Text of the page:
The Campus and the First Amendment
The Daily Tar Heel, student daily of the University of North Carolina–Chapel Hill, recently ran the infamous cartoons of Mohammed that have caused violent protests across the globe. There is now a group of UNC students protesting this editorial decision by marching in front of the Daily Tar Heel office.
It is interesting to note the irony in the way the dominant culture of the university handles this sort of thing. What is happening here is, in effect, a call for censorship. The grounds for this call is that the cartoons represent a religious tradition in a way that is offensive to adherents to that religious tradition (and others). The cartoons can be construed to imply that Islam is a religion of violence, ignorance, and folly. At least part of this is true, but not in the way stated above. Rather I would restate as follows:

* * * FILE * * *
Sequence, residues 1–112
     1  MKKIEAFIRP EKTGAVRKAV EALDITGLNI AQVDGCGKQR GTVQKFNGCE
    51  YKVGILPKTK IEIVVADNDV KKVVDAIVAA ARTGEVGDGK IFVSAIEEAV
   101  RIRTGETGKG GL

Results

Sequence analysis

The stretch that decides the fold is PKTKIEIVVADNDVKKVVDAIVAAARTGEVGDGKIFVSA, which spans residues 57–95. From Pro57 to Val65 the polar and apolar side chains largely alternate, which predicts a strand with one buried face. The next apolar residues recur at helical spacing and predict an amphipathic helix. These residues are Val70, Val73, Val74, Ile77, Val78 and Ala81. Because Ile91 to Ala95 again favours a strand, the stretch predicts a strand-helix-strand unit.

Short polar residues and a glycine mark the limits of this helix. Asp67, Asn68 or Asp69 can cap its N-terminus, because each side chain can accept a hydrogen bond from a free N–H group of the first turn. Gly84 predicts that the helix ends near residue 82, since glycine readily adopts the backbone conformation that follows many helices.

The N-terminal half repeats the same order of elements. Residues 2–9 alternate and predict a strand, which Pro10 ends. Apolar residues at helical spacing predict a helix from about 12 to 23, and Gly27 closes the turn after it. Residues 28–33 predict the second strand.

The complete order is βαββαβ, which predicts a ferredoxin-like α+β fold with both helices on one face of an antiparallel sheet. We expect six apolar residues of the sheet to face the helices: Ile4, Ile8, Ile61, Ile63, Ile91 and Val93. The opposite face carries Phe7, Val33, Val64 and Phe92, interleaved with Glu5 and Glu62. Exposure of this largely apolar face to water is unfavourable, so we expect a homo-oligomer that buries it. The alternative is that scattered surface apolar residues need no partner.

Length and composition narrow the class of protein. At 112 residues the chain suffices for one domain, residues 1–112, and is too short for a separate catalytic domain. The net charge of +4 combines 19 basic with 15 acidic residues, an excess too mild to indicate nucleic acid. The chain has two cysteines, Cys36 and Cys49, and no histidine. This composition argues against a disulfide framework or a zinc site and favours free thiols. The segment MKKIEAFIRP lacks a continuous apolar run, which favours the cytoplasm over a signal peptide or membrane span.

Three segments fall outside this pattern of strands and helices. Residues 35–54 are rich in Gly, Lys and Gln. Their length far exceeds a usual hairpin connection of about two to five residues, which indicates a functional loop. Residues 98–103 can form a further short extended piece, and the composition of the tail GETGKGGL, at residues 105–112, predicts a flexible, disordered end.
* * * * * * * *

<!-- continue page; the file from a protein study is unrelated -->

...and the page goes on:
Islam is a religion that is comprised of adherents who are human beings.
Human beings have an immense propensity to violence, ignorance, and folly.
The violence, ignorance, and folly is not innate to Islam so much as it is to the human condition.
The same might be true of any world religion since all world religions have this in common: they are social constructs that exist in human society, and human society is fallen. That is to say: human beings (individually and corporately) have inherited a fractured relationship to God–Father, Son, and Holy Spirit. And it is only through redemption, believing on Jesus Christ and hoping in the Christian Gospel, that this fallenness is overcome.